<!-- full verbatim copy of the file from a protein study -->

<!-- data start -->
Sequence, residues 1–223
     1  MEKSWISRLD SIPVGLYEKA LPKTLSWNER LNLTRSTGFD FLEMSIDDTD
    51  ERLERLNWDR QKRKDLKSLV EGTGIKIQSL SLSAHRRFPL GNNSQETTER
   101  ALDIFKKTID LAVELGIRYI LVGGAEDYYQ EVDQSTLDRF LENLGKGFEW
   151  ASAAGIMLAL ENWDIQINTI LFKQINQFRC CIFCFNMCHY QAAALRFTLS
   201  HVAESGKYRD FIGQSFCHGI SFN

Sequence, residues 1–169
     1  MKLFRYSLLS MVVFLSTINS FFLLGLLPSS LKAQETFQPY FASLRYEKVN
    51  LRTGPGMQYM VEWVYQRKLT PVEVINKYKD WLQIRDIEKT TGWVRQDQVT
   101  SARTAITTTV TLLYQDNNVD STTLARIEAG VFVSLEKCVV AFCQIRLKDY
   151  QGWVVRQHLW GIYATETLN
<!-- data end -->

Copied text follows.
Sequence, residues 1–223
     1  MEKSWISRLD SIPVGLYEKA LPKTLSWNER LNLTRSTGFD FLEMSIDDTD
    51  ERLERLNWDR QKRKDLKSLV EGTGIKIQSL SLSAHRRFPL GNNSQETTER
   101  ALDIFKKTID LAVELGIRYI LVGGAEDYYQ EVDQSTLDRF LENLGKGFEW
   151  ASAAGIMLAL ENWDIQINTI LFKQINQFRC CIFCFNMCHY QAAALRFTLS
   201  HVAESGKYRD FIGQSFCHGI SFN

Sequence, residues 1–169
     1  MKLFRYSLLS MVVFLSTINS FFLLGLLPSS LKAQETFQPY FASLRYEKVN
    51  LRTGPGMQYM VEWVYQRKLT PVEVINKYKD WLQIRDIEKT TGWVRQDQVT
   101  SARTAITTTV TLLYQDNNVD STTLARIEAG VFVSLEKCVV AFCQIRLKDY
   151  QGWVVRQHLW GIYATETLN